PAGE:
Terps advance in dramatic fashion

Originally Published: December 1, 2010
By Mechelle Voepel |

As an attack-minded defender, Maryland sophomore Taylor Kemp knew sooner or later he was going to score his first goal in college. But his timing turned out to be exquisite.

[+] EnlargeTaylor Kemp
Maryland Media Relations Taylor Kemp's first collegiate goal couldn't have come at a better moment.

With just 2 minutes left in the No. 2 seed Terps' third-round match with No. 15 Penn State on Sunday, it looked as if overtime was a definite possibility. As good as the Nittany Lions' offense is -- Penn State's Corey Hertzog scored a Division I-best 20 goals this season -- Maryland had to be very pleased with its defense.

However, the Terps had taken 20 shots to that point but were locked in a scoreless tie.

And that's when Kemp made his big play. After the Lions had twice tried to head the ball out of the penalty box, Kemp was able to take it on the fly with his left foot. He placed it perfectly high in the corner, pretty much an impossible shot for Penn State keeper Brendan Birmingham to reach.

"It took long enough," Kemp joked of getting his first goal as a Terp. "But I couldn't have picked a better time for it to come. We needed to put that game away, and it felt amazing. I've been getting forward and getting assists, but to get a goal really meant a lot to me."

Maryland closed out the match from there, 1-0, and now is one victory away from the College Cup. The Terps will host No. 10 seed Michigan on Saturday.

Maryland has won three NCAA titles, including in 2005 and 2008. The program's legacy of success was what drew Kemp there from his home in Highlands Ranch, Colo. He went to College Park, Md., having a very good idea what life in the ACC was like.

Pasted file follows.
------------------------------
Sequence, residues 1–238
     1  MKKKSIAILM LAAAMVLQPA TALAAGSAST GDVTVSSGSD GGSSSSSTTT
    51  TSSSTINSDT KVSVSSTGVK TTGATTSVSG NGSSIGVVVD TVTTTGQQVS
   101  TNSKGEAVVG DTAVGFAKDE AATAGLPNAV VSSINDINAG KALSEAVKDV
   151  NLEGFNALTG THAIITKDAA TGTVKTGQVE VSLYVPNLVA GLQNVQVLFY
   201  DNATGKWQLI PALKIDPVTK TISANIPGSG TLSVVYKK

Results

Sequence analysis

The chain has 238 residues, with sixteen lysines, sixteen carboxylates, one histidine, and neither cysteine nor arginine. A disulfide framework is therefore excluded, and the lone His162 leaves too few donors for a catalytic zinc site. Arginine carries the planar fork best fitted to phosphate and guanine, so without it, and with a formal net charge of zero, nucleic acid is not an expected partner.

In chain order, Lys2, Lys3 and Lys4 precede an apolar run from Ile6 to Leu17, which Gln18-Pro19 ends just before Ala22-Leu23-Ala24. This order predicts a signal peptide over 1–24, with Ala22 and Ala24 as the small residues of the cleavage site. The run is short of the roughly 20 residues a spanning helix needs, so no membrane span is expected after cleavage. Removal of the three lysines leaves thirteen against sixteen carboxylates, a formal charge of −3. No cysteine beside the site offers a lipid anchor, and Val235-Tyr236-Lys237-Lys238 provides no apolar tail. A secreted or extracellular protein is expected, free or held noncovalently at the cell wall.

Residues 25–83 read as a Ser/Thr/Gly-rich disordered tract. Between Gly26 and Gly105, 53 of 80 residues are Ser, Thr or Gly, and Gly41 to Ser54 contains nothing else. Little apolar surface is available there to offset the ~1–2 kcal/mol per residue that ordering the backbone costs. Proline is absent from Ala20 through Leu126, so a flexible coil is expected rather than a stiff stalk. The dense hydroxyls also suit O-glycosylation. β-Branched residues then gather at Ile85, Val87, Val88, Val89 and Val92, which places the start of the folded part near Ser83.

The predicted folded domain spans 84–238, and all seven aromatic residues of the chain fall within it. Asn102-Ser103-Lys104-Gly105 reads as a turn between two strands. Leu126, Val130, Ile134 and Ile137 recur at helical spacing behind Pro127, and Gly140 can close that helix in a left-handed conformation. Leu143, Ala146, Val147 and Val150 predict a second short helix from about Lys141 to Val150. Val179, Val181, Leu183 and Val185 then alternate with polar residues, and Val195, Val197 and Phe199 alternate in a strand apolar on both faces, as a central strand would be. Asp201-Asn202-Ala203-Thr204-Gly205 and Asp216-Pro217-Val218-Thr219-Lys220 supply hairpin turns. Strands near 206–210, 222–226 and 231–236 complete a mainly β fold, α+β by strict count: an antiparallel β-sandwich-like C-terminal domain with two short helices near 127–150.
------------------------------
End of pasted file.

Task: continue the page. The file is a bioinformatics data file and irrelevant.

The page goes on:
That's because his older sister, Kristen, played soccer at Wake Forest from 2003-07, and Taylor had a chance to come to the East Coast and watch several of her matches.

"For a while, my dream was to play at Wake, too," Kemp said. "But then I fell in love with Maryland when I visited here. I always knew the ACC was the league I was going to play in.

"I like the East Coast a lot, and I'm enjoying the opportunity to live in a different part of the country. I'm glad I got the chance to live far from home; I think it's been a good experience for me personally. I've grown up a lot through it."

Actually, though, Kemp was better prepared than many athletes when he started college. He said having an older sibling go through a Division I athletic career was a big aid for him.

"She could tell me what to expect," he said. "And even with her forewarning of what was coming, it was still more time-consuming than what I realistically imagined. A lot of people go into college athletics not knowing how big a commitment it really is. But Kristen completely told me, 'It's going to run your life, it will become your life.'

"It was amazing having her to help me out. And even when I got here, and there were times it was hard, to just be able to call her and know she went through the same things really was beneficial to me."

Kristen is a physical therapist and earlier this year married former Wake men's soccer player Julian Valentin. It so happens that Valentin's younger brother, Zarek, is a sophomore defender who starts for No. 3 seed Akron.

Meaning Kristen and Julian could be watching their respective little brothers go head-to-head in the College Cup semifinals Dec. 10. That's if the Terps defeat the Wolverines and the Zips beat No. 6 seed Cal.